A federal judge on Wednesday extended a restraining order barring Linn State Technical College from going ahead with its plan to test all new students for illegal drugs, the Associated Press reported. Judge Nanette Laughrey, while not issuing a final ruling on the legality of the plan, suggested it will run into trouble. Students, backed by civil liberties groups, are challenging the drug-testing plan.
Higher Education Quick Takes
Israel is experiencing a growth in private master's programs -- which receive no government support -- at otherwise government-funded universities, Haaretz reported. In the last six years, the number of such programs has increased from 26 to 51. The programs charge much higher tuition than the rest of the universities that house them, and proponents say that these offerings help provide funds for the rest of higher education. But critics say the growth of these programs is creating a two-tiered system, where those who can afford to pay more get better access to high-demand programs than do other students.
A federal judge has rejected a conservative student group's suit against the University of Wisconsin at Madison over student fees, The Wisconsin State Journal reported. The conservative students noted that a similar liberal group had received funds, but the judge noted that subsequent to the suit being filed, the liberal group's funding was ended. If there is evidence in the future of viewpoint discrimination, the judge said, the conservative group could sue again.
Southern University at Baton Rouge is ending Friday classes next semester, condensing the course schedule to a four-day week, The Advocate reported. The move is expected to save money on utility costs in classroom buildings, while freeing up more time for student advising and faculty office hours on Friday. Employees will all still be required to work on Fridays.
In the year since a student at the University of Notre Dame died when the aerial lift on which he was making videos of practices for the football team fell, many colleges and universities have changed their policies on the use of such lifts, the Associated Press reported. Some universities -- including Notre Dame -- have stopped using the lifts, which were designed for construction sites, not football fields. Others have continued their use but have issued new policies, such as barring their use on particularly windy days.
You may have heard that Smith College was about to ban meat from campus, but don't worry about it -- just present a good argument. That's because the report that the college was going to ban meat and non-locally produced food was never true, but was a rumor started by two professors who teach a course on logic, and who like to spread semi-outrageous rumors to teach lessons about how to make arguments, The Boston Globe reported. Many Smith students believed the rumors and were outraged by the prospect of losing meat options and that staple of most college students, coffee (which isn't grown in New England).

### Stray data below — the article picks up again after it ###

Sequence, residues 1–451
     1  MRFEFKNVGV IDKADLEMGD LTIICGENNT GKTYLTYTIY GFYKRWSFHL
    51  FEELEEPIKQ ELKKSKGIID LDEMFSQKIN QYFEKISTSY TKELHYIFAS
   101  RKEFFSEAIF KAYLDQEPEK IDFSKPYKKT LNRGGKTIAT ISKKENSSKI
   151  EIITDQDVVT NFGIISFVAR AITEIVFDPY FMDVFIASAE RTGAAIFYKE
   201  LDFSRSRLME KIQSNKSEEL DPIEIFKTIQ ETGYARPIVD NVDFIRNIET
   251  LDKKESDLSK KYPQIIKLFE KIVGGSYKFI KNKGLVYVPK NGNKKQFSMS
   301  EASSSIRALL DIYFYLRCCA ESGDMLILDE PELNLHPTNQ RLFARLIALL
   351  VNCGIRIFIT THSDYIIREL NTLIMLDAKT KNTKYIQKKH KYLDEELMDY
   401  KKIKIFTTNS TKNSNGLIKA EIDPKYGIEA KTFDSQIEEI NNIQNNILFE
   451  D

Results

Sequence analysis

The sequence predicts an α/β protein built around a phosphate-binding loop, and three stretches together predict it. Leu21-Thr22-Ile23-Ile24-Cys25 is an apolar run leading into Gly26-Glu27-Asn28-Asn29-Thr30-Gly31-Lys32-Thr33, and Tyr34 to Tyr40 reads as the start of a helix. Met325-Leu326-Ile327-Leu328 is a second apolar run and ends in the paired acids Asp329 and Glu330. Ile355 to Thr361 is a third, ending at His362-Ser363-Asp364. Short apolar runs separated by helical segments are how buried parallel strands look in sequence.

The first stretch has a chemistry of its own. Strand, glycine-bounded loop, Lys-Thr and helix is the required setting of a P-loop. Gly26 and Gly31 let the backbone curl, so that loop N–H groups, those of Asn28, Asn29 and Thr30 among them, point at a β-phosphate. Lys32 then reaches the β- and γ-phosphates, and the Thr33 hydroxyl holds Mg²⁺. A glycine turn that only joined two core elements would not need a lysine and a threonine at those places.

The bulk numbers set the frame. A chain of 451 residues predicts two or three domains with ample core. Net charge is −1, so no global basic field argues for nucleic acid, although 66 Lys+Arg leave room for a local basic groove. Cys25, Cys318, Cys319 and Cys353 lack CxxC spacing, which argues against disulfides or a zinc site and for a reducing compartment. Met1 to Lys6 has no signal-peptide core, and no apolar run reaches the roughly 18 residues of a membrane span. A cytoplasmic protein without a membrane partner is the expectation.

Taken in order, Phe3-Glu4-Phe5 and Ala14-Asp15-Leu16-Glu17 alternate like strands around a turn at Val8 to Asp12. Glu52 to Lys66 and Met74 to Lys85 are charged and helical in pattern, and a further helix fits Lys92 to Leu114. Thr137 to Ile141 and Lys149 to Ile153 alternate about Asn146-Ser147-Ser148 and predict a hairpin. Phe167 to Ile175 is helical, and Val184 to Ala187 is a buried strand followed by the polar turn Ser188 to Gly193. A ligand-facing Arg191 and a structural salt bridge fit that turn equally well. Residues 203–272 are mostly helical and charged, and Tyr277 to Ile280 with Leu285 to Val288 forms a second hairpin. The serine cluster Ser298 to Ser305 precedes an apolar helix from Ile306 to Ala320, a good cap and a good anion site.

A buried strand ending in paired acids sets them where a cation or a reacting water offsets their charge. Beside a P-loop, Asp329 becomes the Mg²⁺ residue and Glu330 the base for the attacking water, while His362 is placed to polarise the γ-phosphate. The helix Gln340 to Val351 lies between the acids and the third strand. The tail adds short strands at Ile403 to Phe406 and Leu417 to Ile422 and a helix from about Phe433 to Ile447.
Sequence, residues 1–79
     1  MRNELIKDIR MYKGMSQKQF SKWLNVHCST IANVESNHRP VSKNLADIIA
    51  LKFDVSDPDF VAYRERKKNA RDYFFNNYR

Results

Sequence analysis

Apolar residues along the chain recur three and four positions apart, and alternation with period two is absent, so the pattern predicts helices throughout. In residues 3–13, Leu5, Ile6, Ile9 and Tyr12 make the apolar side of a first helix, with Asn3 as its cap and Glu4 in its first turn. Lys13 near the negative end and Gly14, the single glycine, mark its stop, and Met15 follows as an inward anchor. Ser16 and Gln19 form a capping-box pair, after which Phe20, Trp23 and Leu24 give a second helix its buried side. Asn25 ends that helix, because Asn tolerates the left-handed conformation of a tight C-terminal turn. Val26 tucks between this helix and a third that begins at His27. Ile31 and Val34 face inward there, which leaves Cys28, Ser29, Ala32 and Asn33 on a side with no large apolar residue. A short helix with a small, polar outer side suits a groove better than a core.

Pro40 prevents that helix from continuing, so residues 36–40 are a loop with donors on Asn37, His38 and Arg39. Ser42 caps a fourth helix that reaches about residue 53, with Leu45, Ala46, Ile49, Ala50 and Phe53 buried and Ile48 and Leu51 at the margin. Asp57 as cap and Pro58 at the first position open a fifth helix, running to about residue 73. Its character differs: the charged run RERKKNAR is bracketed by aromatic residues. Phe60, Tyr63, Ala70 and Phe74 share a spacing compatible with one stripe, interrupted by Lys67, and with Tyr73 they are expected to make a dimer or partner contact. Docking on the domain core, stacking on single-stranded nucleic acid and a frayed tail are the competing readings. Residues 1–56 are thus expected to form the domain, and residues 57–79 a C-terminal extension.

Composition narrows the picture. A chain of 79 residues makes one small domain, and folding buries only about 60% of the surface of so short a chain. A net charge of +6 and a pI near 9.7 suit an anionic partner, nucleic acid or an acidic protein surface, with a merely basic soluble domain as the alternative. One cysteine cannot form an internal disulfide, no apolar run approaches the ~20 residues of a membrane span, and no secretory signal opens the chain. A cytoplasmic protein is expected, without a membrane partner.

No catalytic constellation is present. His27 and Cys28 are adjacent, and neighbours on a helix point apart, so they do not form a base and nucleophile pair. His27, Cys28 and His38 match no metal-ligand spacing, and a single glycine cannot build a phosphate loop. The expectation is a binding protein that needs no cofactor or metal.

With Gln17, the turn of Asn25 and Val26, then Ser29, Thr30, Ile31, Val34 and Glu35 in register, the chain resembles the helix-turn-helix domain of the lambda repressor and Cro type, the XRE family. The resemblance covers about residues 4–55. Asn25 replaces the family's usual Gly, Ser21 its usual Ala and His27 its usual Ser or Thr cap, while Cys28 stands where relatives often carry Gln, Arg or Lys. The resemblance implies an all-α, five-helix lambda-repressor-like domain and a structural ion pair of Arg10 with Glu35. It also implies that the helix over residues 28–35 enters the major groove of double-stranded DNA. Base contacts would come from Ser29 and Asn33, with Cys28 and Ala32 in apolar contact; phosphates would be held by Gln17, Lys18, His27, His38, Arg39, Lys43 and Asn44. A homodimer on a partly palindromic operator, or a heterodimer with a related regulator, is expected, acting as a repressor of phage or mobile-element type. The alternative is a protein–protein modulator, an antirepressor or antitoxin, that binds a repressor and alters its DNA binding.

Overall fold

The College Board and the Educational Testing Service have hired a top security firm to review SAT security, and the two organizations will consider any changes that inquiry recommends, the Associated Press reported. The news came Tuesday at a New York State legislative hearing on SAT security, scheduled in the wake of arrests of Long Island students charged with having someone else take the SAT in their names. Lawmakers have suggested that security needs more scrutiny, noting that one of the students arrested was a woman who is alleged to have had a man take her exam.
Trustees of public and private colleges are generally well engaged with the institutions on whose boards they serve, but could also benefit from more education, according to a study released Tuesday by the Association of Governing Boards of Universities and Colleges.
While the findings were generally positive, one concern identified was in risk assessment. The AGB study found that only about one-third of all boards have a formal process for comprehensive risk assessment. The top areas for risk assessment include finances, compliance, facilities, and campus security.
Women perform as well as men in engineering courses, but are less likely to stay in the field because of a confidence gap, according to research published in the new issue of American Sociological Review. Women are less likely to feel "professional role confidence," the study found, which has to do both with their view of their own talent and also of their sense that they are in the correct field. "Often, competence in engineering is associated in people’s minds with men and masculinity more than it is with women and femininity. So, there are these micro-biases that happen, and when they add up, they result in women being less confident in their expertise and their career fit," said the lead author of the study, Erin Cech, a postdoctoral fellow at Stanford University’s Clayman Institute for Gender Research.
Lap-Chee Tsui, president of the University of Hong Kong, on Tuesday announced his plans to retire in August. The Wall Street Journal reported that while he gave no reason for his decision, critics believe it relates to a lingering controversy over the way police treated (many say mistreated) protesters during a visit to the campus in August by Chinese Vice Premier Li Keqiang. Pro-democracy students were "roughed up," the Journal said, with one locked in a staircase by police officers for an hour. Many at the university questioned why Tsui allowed unprecedented police activity on the university's grounds.